Asian stocks rose on Tuesday, the last day of a torrid quarter, as investors added to trades based on a rebound in economic activity, while funds slashed bets against a fall in oil prices to keep crude on track for its biggest quarterly gain in 19 years.
Major European stock indexes followed Asia's example by opening slightly firmer.
The U.S. dollar slid as momentum kept dealers rolling out of trades based on safety after a 7 percent drop on the quarter, keeping commodity prices supported.
Trading volumes for oil in Asia surged 10 times normal levels, with crude for August delivery rising briefly above $73 a barrel to new highs for the year.
Emerging markets have been the big winners so far this year, with the MSCI emerging markets equities index up 32 percent so far in 2009 compared to a 6 percent rise on the all-country world index.
With the worst of the financial crisis now history, a tremendous shift by investors out of cash and low-yielding money market instruments into riskier assets, particularly in Asia, has been driving equity valuations and currencies in the region higher.
However, the third quarter could be a time of reckoning if higher raw materials prices snuff out signs of a nascent recovery.
Just how higher oil prices are a boon to the global economy when consumers are struggling to keep jobs and make payment on negative equity housing loans is a mystery. We are confident that threats to risk appetite and risk assets point clearly toward potential reversal, not extension of gains, said Patrick Bennett, Asia foreign exchange and rates strategist with Societe Generale said in a note.
So far this year, Chinese and Indian stock markets have been the hottest in the region.
The Shanghai composite slipped 0.4 percent on the day after earlier hitting the highest since June 2008, and has risen 63 percent so far this year.
India's BSE index also edged down 0.4 percent but it had gained 52 percent in the first half, with most of it won after a decisive election victory by a Congress-led coalition in May.
Japan's Nikkei share average finished 1.8 percent higher, with firms in the technology sector giving a boost to the index after the government said it would invest 30 billion yen ($312 million) in computer chip maker Elpida Memory Inc.
The index climbed 23 percent in the last three months, the biggest quarterly rise since 1995.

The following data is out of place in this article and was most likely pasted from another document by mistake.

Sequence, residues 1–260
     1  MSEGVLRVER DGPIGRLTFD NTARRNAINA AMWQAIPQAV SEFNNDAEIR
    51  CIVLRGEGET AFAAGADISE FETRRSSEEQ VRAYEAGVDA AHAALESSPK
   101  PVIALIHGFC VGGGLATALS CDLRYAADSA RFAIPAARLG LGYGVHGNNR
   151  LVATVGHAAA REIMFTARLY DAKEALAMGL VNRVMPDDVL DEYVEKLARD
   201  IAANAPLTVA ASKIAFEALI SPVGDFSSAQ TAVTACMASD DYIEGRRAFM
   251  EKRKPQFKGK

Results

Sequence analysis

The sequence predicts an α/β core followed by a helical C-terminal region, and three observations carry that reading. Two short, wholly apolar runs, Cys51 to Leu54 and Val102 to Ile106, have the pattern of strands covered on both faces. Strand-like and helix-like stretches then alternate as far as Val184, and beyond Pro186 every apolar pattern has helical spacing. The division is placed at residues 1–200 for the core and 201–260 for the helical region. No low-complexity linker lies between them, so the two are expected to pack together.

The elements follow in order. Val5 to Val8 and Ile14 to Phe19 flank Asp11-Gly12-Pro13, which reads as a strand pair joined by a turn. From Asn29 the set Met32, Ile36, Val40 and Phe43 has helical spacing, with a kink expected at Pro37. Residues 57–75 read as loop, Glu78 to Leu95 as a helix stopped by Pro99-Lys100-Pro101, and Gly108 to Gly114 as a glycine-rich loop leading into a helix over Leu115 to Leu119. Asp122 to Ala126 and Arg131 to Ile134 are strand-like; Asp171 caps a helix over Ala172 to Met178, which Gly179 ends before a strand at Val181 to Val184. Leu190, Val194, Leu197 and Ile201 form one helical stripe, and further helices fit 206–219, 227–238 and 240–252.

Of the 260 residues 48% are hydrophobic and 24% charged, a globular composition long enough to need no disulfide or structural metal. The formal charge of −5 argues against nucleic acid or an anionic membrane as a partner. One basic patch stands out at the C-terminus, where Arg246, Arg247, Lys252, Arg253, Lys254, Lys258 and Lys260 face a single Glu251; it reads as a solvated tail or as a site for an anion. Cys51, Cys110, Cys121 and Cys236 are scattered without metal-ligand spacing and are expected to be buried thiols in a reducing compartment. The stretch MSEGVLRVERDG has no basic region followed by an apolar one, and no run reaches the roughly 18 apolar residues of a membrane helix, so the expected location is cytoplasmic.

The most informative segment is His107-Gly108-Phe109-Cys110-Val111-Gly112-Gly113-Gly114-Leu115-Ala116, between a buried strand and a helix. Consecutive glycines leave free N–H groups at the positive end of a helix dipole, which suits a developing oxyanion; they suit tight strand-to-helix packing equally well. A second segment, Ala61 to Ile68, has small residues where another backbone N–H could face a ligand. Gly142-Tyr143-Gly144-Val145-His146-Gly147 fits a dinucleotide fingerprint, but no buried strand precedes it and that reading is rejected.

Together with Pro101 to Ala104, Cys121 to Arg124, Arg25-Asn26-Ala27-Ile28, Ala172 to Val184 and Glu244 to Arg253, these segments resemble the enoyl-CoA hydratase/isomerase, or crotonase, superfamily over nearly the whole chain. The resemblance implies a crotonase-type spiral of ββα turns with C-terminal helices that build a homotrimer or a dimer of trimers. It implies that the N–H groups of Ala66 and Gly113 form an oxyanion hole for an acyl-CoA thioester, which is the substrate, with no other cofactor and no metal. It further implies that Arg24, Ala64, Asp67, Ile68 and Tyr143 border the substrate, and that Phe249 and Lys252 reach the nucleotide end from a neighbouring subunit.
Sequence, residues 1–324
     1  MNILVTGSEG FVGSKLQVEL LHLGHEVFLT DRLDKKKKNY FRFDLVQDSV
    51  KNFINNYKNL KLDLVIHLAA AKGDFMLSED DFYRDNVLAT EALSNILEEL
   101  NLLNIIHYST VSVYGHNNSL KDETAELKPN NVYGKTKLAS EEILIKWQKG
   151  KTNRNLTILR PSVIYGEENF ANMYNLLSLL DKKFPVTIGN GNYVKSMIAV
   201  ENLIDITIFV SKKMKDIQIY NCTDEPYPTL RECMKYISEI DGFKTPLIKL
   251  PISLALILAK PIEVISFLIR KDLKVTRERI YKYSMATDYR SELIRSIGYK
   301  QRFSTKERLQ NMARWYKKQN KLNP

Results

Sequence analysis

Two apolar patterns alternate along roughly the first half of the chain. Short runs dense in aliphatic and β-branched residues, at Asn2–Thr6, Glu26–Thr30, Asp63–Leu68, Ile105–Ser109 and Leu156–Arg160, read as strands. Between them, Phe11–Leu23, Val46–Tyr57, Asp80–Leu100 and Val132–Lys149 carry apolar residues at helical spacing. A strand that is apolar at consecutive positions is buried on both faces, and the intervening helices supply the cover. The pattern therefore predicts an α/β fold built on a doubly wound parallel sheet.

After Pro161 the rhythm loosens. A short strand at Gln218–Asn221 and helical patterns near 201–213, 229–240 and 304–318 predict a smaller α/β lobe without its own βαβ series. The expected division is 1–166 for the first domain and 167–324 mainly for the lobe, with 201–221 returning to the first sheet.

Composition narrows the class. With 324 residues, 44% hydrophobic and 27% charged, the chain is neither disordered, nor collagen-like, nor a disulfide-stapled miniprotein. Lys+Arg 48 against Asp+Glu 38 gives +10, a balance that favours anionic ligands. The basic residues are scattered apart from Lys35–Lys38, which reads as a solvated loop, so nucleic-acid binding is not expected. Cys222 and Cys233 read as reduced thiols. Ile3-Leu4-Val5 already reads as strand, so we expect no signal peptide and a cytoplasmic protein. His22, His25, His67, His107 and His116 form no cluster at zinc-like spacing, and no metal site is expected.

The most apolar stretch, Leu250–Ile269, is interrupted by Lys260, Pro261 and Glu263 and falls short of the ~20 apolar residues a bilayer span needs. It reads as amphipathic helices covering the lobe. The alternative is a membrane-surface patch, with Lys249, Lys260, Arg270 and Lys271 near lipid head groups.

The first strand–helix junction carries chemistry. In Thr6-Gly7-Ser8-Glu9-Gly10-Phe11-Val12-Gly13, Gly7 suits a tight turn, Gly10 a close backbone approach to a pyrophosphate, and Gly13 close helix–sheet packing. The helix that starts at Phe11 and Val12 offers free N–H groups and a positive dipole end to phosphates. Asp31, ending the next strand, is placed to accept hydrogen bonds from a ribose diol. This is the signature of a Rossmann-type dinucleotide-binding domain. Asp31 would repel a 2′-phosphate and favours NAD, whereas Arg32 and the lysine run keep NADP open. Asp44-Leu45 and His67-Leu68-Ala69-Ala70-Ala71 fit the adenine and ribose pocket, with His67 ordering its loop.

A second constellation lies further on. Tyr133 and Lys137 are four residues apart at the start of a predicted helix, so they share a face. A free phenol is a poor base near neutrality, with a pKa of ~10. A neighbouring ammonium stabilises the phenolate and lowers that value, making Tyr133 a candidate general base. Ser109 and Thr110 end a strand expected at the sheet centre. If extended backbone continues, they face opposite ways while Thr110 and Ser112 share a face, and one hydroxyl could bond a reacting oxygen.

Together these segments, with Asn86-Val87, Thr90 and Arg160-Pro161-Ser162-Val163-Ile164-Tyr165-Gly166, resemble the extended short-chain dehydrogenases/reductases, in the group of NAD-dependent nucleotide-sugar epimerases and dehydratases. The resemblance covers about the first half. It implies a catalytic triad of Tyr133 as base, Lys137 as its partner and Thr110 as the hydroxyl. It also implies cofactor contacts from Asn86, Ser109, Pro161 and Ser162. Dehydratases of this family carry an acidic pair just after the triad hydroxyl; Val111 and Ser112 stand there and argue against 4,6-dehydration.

Valuation of the Nikkei on a price-to-book basis has jumped to around 1.3 times, having spent the first quarter below a multiple of one. It is still well below the average of the last decade of 1.9 times.
Hong Kong's Hang Seng index was up 0.2 percent, after earlier gains were wiped out in afternoon trade. However, shares of Asia's top refiner Sinopec were up 4.7 percent after China unexpectedly lifted domestic gasoline and diesel prices to their highest ever.
SHORT COVERING PROPELS CRUDE
Oil rose sharply to 8-month highs, though a lack of news suggested dealers were focused on quarter-end activity. Traders pointed to funds moving into the market to cover loss-making positions.
London Brent led the rally, gaining $1.74 a barrel to $72.73. U.S. crude for August delivery rose to an eight-month high of $73.38 a barrel, but later cooled to trade at $73.06, up $1.57 on the day.
This could be end-of-quarter movement, and traders are trying to push prices higher and then selling before closing their books, said Mark Pervan, senior commodity strategist with ANZ Bank.
A weakening U.S. dollar overnight helped to prop up commodity prices and the dollar continued falling in Asian hours.
The ICE Futures U.S. dollar index fell 0.3 percent, locked in a downtrend since March.
Sterling jumped after data showed UK house prices surprisingly rose a second month in June, a further sign the market may be stabilizing. The pound rose 1.1 percent to the highest in 8 months at $1.6740.
The Australian dollar was up 0.7 percent to $0.8120.
Bets on further strength in the Australian dollar have become significant enough to suggest a near-term move lower, though it has not experienced a loss of momentum in its rise against the U.S. dollar to squeeze short-term investors, said strategists with Banc of America Securities-Merrill Lynch in a research note.
Japanese government bonds gained, with investors hastening to pick up some yield ahead of the end of the first half. The 10-year future was up 0.22 point to a three-month high.
The yield on the 10-year bond has fallen around 16 basis points since June 11, retracing more than half of the rise between March 24 and June.
U.S. Treasuries fell, especially late maturities, ahead of expected purchases from the Federal Reserve. The benchmark yield on the 10-year note rose 3 basis points from late Monday in New York to 3.51 percent.
(Additional reporting by Fayen Wong in PERTH; Editing by Neil Fullick)